Woodside Animal Clinic sees pets from all over Michigan but primarily from the greater Detroit area including Wayne, Oakland, Macomb, Livingston and Washtenaw counties. Cities in these counties including Royal Oak, Berkley, Huntington Woods, Ferndale, Pleasant Ridge, Detroit, Redford, Livonia, Hazel Park, Madison Heights, Warren, Centerline, Clawson, Troy, Sterling Heights, Southfield, Birmingham, Lathrup Village, Bingham Farms,  Franklin, Farmington, Farmington Hills, Novi, Northville,Wixom, Brighton, Livonia, Plymouth, Commerce, Ann Arbor, Ortonville, Clarkston, Waterford, Union Lake, Rochester, Rochester Hills, Auburn Hills, Utica, White Lake, Grosse Pointe, Romeo, Swartz Creek,  Shelby township, Washington,  Flint, Hartland, Lansing, Okemos, Howell, Brighton, White Lake, Romeo, Saline, South Lyon, Battle Creek, Saginaw, Windsor Canada, Toledo Ohio

LATEST THEORY ON HOW ACUPUNCTURE WORKS IN PETS AND PEOPLE

There are many theories as to why and how acupuncture works in pets and people.     It is believed that  pet acupuncture increases the blood levels of many different substances in the blood and spinal cord.    Cortisone, endorphins, and serotonin are just a few of the body’s pain killing chemicals that are produced when acupuncture is performed.      In just the last few years the discovery that the inner lining of blood vessel produces a substance known as nitric oxide which controls vascular dilation and constriction has led to the most cutting edge theory of acupuncture.

It has been known for some time that  chronic inflammatory areas of the body are often painful and have a decreased blood supply.   This decreased circulation leads to decreased tissue oxygenation and increased tissue acidity in the animals body.   Poor oxygenation and acidity resullt in pain and dysfunction.     In just the last few years  research has discovered that an increase  “nitric oxide synthase” activity   is present around acupuncture meridians channels and acupuncture points.    It is now accepted as  fact that, by causing vaso dilation and vaso constriction, nitric oxide is  a key regulator of  blood circulation and tissue oxygenation.    Research has further shown that when acupuncture is used to treat areas of chronic disease, blood plasma levels of nitric oxide increase and blood flow to those areas subsequently increases.    Double blind studies have shown that when acupuncture was performed on normal body areas the blood flow did not increase whereas it did when acupuncture was used to treat chronicly inflammed tissue.   It is believed that when acupuncture needles are inserted and rotated in soft tissue, they stimulate the fascial sheath  that surrounds cells and increases nitric oxide production, vasodilation, increased tissue oxygenation and pain control.    Of course the production of endorphins, cortisone and serotonin also occurs with acupuncture and no doubt further helps with pain control.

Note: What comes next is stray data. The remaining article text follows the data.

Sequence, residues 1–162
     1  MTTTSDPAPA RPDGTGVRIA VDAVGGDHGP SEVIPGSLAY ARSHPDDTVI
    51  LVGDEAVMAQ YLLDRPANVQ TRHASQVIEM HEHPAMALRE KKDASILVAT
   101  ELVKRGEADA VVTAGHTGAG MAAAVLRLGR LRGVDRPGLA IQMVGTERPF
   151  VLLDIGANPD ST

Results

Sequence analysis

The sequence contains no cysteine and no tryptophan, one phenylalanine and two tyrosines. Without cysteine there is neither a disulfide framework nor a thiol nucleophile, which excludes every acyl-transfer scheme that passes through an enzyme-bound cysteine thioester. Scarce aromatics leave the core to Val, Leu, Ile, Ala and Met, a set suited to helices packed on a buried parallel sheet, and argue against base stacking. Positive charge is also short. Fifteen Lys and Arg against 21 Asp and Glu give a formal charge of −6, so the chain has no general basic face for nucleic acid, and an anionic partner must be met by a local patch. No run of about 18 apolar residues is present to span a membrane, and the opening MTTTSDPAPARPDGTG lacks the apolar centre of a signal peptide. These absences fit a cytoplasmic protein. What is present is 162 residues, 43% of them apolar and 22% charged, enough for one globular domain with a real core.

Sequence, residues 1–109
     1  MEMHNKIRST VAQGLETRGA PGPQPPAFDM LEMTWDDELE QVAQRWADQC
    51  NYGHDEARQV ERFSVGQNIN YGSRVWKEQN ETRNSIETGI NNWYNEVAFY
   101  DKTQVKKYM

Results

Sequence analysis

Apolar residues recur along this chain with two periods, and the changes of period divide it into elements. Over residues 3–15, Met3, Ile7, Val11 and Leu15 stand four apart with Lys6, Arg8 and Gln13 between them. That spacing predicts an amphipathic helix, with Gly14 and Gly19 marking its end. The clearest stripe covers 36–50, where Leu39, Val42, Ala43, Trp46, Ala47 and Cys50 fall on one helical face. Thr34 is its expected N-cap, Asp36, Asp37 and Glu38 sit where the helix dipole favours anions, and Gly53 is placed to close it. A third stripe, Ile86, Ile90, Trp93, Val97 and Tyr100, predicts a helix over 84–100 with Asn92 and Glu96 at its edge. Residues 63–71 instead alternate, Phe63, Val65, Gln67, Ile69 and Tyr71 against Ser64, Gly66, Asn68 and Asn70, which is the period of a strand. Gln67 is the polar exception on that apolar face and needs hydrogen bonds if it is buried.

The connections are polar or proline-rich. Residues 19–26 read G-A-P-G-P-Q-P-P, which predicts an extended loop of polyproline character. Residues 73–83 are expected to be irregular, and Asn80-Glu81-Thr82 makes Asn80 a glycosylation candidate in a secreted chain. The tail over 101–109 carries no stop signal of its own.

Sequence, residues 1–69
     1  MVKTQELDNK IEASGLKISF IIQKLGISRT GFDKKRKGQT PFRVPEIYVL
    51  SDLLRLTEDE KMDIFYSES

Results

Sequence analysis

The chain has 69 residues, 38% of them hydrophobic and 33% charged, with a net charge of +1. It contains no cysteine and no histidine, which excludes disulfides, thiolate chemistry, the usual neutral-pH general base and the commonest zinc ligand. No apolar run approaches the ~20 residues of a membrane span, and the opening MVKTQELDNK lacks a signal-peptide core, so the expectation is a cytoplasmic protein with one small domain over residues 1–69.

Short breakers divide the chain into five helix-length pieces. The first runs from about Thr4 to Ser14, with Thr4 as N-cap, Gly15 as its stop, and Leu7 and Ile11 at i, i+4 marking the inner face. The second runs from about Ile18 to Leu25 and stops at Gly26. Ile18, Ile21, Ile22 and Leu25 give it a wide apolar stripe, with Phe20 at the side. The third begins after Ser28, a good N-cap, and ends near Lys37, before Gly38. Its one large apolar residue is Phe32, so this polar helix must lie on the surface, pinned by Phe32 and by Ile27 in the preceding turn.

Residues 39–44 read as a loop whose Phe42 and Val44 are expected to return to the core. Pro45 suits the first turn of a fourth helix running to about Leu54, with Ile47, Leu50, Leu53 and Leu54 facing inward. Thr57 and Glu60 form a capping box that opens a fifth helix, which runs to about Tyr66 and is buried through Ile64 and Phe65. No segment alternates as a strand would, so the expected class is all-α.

Regardless of which theory is right we continued to be amazed at how effective acupuncture is when treating intervertebral disk disease in dogs and cats.    Many people who can not afford $2500 for an MRI and $3000 for disk surgery have found acupuncture to be a life saver.    Of course acupuncture is also effective for many other  problems such as hip dysplasia, arthritis, chronic licking, and epilepsy.

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Woodside Animal Clinic is a unique, very personal, one doctor practice where, for over 35 years, Dr. Simon has been healing dogs, cats, birds, rabbits, ferrets rodents, and reptiles with both conventional andalternative medicine. Dr. Simon is certified in Acupuncture, Chiropractic and Stem cell therapy. He is the author of 4 pet care books, a past president of the Oakland County Veterinary Medical Association and past board member of the  American Holistic Veterinary Association.   Visit us at  www.doc4pets.com

Woodside Animal Clinic sees pets from all over Michigan but primarily from the greater Detroit area including Wayne, Oakland, Macomb, Livingston and Washtenaw counties. Cities in these counties including Royal Oak, Berkley, Huntington Woods, Ferndale, Pleasant Ridge, Detroit, Redford, Livonia, Hazel Park, Madison Heights, Warren, Centerline, Clawson, Troy, Sterling Heights, Southfield, Birmingham, Lathrup Village, Bingham Farms,  Franklin, Farmington, Farmington Hills, Novi, Northville,Wixom, Brighton, Livonia, Plymouth, Commerce, Ann Arbor, Ortonville, Clarkston, Waterford, Union Lake, Rochester, Rochester Hills, Auburn Hills, Utica, White Lake, Grosse Pointe, Romeo, Swartz Creek,  Shelby township, Washington,  Flint, Hartland, Lansing, Okemos, Howell, Brighton, White Lake, Romeo, Saline, South Lyon, Battle Creek, Saginaw, Windsor Canada, Toledo Ohio